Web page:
Tigre It’s unusual to hear a rum based cocktail described as “joyful pain” but that happens at Tigre, the intimate, retro chic bar that opened this week on New York’s Lower East Side. The reason for this description is the rum, or rather rums, in the recommended cocktail Airmail composed of champagne and three symbiotic rums from Martinique, Venezuela and Haiti, countries in a region in which slavery played a part in their production. The social history detailed by the maître d’ is, obviously, painful but the cocktail itself is delicious, a choice on the “then” section reinventing classics of the six part menu. (Their screwdriver also has eight types of citrus including three types of orange.) Creative concoctions such as Mister Softee with Singani, sage and pina appear in the “Now” section and martini fans can dictate exact specifications with a ratio of 4:1 to 16:1 among other options.
The room is designed to emulate a sophisticated jet setter’s residence from the 1970’s or 1980’s (also the decades of its booming soundtrack) with gold Ultrasuede walls, jacquard velvet banquettes with tiger embroidery and chocolate leather seats at the small tables plus a horseshoe shaped green Brazilian quartzite bar. The entrance doesn’t give any hint that such a plush setting awaits within, however: it’s a nondescript door plastered with handbills and graffiti guarded by a doorman checking reservations. Given the bar’s immediate popularity, though, and the intimacy of the room, even with reservations, patrons often have to wait on the sidewalk until guests inside vacate their space. (The staff hopes that sorts itself out soon.) What also should be sorted out soon, or at least as soon as the downstairs kitchen is finished, is food to go with the drinks. Since the team behind it also operates beloved New Orleans style oyster bar Maison Premiere in Williamsburg, raw bar items— and definitely oysters— should be on the way.
Paradise Lost The entrance to this bar in the East Village is also nondescript: a door marked with a green symbol but no name with a buzzer to be let in. Once inside, though, the design comes at you from all sides: white fur lining the door; thick foliage lining the walls of the hallway and in the bar itself, a panoply of vivid colors, flashing colored lights (that change when certain drinks are ordered) an eight foot tall altar, taxidermy items, a leather bar and tables designed to look like surfboards and snakeskin banquettes. The team behind it describes it as a tropical hellscape, amusing and slightly sinister, a fantasy allegory/throwback tiki bar.
In this florid setting, the cocktails couldn’t be simple presentations—and they’re not. They arrive embellished with pinwheels and flowers, flaming
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Fall is always an exciting time in New York City, especially because there are so many new restaurant openings. Many tasty newcomers have opened in the last few months and they’re absolutely worth a visit. From buzzy nightlife boîtes to unique omakase destinations, here’s where you should eat before the year is over.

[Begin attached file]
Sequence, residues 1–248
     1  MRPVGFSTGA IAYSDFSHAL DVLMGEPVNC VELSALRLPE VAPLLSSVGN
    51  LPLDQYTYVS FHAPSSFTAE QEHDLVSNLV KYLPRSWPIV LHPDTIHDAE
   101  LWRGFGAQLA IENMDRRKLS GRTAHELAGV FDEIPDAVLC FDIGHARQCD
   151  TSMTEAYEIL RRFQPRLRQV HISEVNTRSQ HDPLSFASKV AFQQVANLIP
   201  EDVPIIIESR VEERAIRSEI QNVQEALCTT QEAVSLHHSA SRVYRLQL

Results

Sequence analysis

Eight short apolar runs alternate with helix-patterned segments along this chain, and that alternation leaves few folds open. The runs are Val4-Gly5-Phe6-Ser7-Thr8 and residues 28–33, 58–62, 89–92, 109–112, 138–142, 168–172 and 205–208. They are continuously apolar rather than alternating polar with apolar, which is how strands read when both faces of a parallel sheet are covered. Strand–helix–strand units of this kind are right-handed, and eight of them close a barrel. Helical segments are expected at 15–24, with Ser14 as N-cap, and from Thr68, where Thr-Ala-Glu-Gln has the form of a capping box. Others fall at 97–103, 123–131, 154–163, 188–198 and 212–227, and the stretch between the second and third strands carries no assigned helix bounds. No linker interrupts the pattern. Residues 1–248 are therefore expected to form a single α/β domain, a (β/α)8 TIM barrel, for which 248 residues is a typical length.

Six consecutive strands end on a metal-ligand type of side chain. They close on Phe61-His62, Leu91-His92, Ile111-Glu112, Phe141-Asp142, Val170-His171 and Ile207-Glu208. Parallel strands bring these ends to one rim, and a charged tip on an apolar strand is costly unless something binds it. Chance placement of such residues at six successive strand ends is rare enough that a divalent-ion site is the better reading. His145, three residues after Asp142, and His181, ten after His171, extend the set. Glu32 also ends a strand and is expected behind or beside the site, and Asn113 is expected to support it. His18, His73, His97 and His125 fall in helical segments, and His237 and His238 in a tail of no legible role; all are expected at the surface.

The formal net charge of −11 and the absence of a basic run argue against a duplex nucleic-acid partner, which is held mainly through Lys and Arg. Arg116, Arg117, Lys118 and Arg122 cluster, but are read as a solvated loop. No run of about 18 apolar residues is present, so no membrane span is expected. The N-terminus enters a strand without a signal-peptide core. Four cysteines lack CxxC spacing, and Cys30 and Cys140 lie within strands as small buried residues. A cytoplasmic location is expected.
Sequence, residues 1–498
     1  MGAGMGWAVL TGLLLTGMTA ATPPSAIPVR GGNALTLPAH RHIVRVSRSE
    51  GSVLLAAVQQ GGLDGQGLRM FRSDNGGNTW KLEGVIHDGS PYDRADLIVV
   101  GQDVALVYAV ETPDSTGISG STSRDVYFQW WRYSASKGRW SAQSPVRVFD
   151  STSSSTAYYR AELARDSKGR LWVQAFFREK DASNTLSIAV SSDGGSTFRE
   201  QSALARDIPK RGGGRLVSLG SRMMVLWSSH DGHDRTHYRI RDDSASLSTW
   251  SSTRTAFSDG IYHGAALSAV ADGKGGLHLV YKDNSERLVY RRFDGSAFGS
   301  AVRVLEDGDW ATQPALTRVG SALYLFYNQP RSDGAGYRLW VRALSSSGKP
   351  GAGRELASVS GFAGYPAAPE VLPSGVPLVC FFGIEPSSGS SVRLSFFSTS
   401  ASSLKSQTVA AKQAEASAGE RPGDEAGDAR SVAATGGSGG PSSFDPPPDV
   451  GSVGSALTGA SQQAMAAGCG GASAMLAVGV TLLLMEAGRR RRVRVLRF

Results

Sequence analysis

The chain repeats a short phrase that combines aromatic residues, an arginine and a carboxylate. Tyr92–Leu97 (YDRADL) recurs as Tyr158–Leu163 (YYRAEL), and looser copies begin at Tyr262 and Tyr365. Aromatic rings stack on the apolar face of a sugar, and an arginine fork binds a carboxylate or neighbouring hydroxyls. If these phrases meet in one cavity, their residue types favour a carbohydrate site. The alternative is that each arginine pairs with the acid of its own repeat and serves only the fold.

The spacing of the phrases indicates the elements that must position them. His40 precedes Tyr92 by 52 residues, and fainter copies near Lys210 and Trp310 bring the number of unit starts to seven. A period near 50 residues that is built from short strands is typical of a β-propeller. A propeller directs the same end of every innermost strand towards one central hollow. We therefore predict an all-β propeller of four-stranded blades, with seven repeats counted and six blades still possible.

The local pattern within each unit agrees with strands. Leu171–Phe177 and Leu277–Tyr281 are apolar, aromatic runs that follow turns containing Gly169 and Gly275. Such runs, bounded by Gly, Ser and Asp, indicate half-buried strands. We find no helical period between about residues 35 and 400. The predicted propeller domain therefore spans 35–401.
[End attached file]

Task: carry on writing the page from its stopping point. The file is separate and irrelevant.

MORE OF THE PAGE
At this time of year, hotels all over the world feature unusual amenities. But this one in New York City is a great way to get in some meditation and creativity while you test out your artistic skills. And get a great holiday gift – for yourself.
Fiona Khuong-Huu, 16, is a pre-college student at The Julliard School and a guest artist and violinist who is part of the New York Philharmonic’s Young People’s Concerts. The series is geared for children ages six and older and is a fantastic, fun way to introduce a younger generation to the world of classical music.
The festival of lights is almost here and it’s time to celebrate accordingly in New York City. With food, of course. And Hanukkah’s all about the fried treats — latkes, stuffed doughnuts and more will pop up on menus around the city to celebrate the eight night holiday.
The gothic revival style hotel is within walking distance from the United Nations headquarters and the grand central train station. The hotel is also within range of notable New York landmarks such as the empire state building and the modern museum of art.
The holiday season is a magical time to visit New York City. While Rockefeller Center is a must-see, thanks to its famous Christmas tree and ice skating rink, Manhattan has many other spots for taking in holiday lights and festivities.
Authorities suspended international flights at one airport and closed four bridges between the U.S. and Canada in the Niagara Falls area following an incident where a vehicle crashed and exploded on impact on the Rainbow Bridge.
The Mandarin Oriental, New York is an ideal choice for travelers who want to enjoy a city escape—one that couples the best of bustling Manhattan with the luxury of a cocoon-like pied-ȧ-terre elevated high above the ground.
November and December are a magical time to visit New York. The store window displays are over the top, the twinkly lights sparkle and the sky high Rockefeller Center Christmas Tree sets a festive tone for the whole city.
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